Early Learning Toys To Ensure Smart Play
For kids, play is learning. Keep it fun and engaging by selecting toys and kits that are safe and developmentally appropriate. Look for well-made, non-toxic toys and keep checking for wear that could make them unsafe, says the National Association for the Education of Young Children.
Here are some options to consider, by age. But note: these are just suggestions. Every child is different; you know best what is most appropriate for your child.
Baby: 0 to 18 months
From 0 to 6 months, babies are all about sensory experiences. They love to look at faces, so unbreakable mirrors are great. High-contrast patterns are visually stimulating. Balls, blocks, and ring rattles let them grab, grasp, and shake. Expect everything to be mouthed; it’s another way baby explores their world.
Around 8 to 12 months, most babies will begin standing and cruising. Activity tables and cubes, playsets, and push/pull toys encourage these motor skills. Babies this age also enjoy driving around toy vehicles and tending to baby dolls. They build with soft blocks and love to put things in containers (and take them out). Nesting toys work well for this.
At 12 to 18 months, babies like to explore fine motor with toys that have knobs, switches, buttons, and do stuff. Simple musical instruments, like shakers and drums, expose them to sound and rhythm. They enjoy toy versions of what they see you use every day. By pretending to vacuum, fix a car, or make food, they learn language, fine and gross motor skills, and social/emotional cues. Playsets, with handheld animals and people—and vehicles and buildings for them—let them practice interaction and language.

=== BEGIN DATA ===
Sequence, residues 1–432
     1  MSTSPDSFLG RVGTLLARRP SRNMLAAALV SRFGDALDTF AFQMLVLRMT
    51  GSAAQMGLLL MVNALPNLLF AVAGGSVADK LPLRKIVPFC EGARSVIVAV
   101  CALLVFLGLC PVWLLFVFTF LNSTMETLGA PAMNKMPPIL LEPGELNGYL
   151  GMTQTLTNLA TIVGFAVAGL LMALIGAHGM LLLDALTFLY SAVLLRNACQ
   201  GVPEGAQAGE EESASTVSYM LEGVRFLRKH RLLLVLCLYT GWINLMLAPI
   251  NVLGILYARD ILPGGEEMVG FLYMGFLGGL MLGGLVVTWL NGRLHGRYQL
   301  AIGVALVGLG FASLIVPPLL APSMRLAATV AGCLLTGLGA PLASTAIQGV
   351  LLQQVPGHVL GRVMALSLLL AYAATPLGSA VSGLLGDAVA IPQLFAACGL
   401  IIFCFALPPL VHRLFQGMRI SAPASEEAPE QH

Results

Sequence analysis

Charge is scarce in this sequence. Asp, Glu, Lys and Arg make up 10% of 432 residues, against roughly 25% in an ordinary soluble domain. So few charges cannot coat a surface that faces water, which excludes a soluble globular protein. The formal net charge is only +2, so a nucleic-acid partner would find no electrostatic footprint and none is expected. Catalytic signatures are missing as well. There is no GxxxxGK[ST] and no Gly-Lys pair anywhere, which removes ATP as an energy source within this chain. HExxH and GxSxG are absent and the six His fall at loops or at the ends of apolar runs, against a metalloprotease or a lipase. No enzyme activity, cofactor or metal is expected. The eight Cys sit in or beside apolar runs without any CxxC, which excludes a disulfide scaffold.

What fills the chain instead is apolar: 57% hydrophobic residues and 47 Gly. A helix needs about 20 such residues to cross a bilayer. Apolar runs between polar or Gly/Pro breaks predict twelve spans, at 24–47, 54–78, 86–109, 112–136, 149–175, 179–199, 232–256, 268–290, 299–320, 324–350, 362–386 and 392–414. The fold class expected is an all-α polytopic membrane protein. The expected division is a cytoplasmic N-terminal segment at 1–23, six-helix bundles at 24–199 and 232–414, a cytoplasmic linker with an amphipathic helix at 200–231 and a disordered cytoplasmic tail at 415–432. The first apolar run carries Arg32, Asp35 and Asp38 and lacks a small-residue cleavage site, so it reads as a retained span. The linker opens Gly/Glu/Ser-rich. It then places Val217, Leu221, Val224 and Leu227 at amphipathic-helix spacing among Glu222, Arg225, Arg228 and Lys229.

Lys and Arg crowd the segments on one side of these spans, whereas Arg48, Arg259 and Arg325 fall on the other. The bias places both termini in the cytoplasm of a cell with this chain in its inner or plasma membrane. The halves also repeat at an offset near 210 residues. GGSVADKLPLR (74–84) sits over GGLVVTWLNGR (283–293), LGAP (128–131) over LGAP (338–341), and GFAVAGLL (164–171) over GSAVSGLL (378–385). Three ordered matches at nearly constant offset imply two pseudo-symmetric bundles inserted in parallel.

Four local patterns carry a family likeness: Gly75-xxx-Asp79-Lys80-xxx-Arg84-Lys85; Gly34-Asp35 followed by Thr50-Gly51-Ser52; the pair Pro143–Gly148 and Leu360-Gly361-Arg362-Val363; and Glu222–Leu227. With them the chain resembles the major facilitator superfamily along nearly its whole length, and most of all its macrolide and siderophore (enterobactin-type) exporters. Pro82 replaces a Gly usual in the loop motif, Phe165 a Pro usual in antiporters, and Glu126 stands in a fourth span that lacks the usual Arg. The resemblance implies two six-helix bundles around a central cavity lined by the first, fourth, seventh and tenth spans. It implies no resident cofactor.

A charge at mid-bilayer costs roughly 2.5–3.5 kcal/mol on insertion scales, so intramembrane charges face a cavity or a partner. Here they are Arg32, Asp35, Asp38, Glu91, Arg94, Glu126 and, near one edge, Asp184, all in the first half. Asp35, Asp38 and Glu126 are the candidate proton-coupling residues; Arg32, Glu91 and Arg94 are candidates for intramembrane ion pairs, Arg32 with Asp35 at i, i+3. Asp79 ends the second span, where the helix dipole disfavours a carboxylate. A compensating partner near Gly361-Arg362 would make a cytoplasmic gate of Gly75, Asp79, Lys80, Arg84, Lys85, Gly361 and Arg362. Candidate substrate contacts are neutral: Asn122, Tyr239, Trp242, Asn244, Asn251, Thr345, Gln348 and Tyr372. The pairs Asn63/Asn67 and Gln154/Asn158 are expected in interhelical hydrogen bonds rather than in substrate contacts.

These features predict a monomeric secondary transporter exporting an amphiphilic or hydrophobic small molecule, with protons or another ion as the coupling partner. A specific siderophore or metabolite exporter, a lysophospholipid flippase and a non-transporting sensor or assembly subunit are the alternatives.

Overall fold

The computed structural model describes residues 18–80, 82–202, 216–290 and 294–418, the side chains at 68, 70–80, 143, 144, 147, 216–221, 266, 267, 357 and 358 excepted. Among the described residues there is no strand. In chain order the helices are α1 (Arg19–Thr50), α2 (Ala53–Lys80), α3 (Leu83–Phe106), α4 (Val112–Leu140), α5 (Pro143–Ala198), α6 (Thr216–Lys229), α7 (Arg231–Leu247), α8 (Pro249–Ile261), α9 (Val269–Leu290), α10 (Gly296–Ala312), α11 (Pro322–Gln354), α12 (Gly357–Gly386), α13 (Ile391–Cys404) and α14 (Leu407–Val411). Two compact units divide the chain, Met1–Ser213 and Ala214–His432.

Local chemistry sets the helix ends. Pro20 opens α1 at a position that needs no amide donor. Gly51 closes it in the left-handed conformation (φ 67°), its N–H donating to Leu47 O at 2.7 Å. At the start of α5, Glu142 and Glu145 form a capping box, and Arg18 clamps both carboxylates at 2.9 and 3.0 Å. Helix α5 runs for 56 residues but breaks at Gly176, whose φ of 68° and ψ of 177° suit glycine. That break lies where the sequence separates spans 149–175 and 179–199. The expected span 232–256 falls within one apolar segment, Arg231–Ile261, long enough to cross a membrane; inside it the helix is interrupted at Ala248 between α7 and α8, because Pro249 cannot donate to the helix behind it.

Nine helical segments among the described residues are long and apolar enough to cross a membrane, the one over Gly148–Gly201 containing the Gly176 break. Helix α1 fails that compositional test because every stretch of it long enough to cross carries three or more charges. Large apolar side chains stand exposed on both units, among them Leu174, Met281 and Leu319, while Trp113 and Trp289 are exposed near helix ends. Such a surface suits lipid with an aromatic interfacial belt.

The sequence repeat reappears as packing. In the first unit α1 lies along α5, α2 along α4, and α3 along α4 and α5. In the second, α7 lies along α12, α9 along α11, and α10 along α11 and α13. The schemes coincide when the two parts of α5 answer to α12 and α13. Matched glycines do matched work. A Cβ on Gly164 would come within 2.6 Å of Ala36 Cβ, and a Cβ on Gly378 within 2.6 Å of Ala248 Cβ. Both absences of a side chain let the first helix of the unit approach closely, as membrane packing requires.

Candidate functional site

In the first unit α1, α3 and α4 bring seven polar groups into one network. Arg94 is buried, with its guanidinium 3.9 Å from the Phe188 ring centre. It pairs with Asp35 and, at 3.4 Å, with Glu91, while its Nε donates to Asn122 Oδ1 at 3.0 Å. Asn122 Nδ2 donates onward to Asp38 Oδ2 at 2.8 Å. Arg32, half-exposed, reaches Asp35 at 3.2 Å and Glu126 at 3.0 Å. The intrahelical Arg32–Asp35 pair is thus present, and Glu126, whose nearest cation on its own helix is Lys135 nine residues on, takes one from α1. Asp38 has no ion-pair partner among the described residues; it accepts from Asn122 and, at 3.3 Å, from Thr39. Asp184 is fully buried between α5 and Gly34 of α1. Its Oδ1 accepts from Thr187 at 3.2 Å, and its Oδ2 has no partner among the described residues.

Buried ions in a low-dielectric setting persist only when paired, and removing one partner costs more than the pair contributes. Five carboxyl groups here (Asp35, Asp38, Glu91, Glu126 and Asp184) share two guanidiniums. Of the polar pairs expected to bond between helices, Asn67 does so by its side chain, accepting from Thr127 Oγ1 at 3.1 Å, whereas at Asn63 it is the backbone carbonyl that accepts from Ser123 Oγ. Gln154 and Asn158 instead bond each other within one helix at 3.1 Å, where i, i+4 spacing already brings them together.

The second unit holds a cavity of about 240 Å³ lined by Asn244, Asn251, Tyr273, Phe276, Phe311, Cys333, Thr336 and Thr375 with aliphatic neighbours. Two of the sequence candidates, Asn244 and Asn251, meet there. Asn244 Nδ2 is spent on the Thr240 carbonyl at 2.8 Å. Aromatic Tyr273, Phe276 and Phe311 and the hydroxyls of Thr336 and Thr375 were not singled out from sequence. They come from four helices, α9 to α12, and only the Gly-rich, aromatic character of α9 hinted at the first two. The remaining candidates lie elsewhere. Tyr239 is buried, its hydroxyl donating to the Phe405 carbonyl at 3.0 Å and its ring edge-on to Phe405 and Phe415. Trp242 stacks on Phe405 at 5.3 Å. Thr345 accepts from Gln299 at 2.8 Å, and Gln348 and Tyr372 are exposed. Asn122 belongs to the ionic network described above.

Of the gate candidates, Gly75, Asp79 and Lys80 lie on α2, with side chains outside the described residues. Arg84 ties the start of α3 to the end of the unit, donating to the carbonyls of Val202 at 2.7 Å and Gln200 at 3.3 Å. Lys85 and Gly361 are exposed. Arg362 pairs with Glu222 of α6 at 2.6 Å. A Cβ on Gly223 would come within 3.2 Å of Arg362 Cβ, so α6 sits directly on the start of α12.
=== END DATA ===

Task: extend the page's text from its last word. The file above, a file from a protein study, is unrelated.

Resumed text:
Toddler: 18 months to 3 years
Toddlers are developing language and learning to play with others. Ride-on toys and small furniture, such as tables and chairs, and play kitchens, are great spaces for pretend play and work developing muscles. Manipulatives like simple puzzles, blocks that snap together, and sorting toys encourage problem solving. Introduce toddlers to technology with toy laptops.
Little Kid: 3 to 6 years
Little kids ask a lot of questions (why not?) and have longer attention spans. Magnifying glasses, microscopes, binoculars, and introductory science kits help them experiment and explore. More complex puzzles, building blocks, and magnetic tiles promote problem solving. This is also a good time to introduce a learning tablet that supports positivity and success (i.e. it doesn’t make an angry beep when you get something wrong). A digital camera will let toddlers record their surroundings and enjoy replaying what they’ve captured.
An easy-to-erase sketch board makes practicing drawing shapes, letters, and numbers fun and easy. Toys that illustrate letters and numbers, clocks, calendars, and maps, help kids grasp these school-age concepts.
Big Kid: 6 years and up
Big kids are inspired by pursuing their own interests and challenging themselves. Whatever they are into, there is sure to be a science kit to suit them: chemistry, bubble making, robotics, the list goes on. More complex playsets and building sets encourage advanced problem solving and expanded creative play. And don't forget about outdoor play, which promotes gross motor skills and help kids learn about teamwork and sportsmanship. These big kids have probably graduated to big bikes or are a part of a team sport—so make sure you keep their equipment up to date.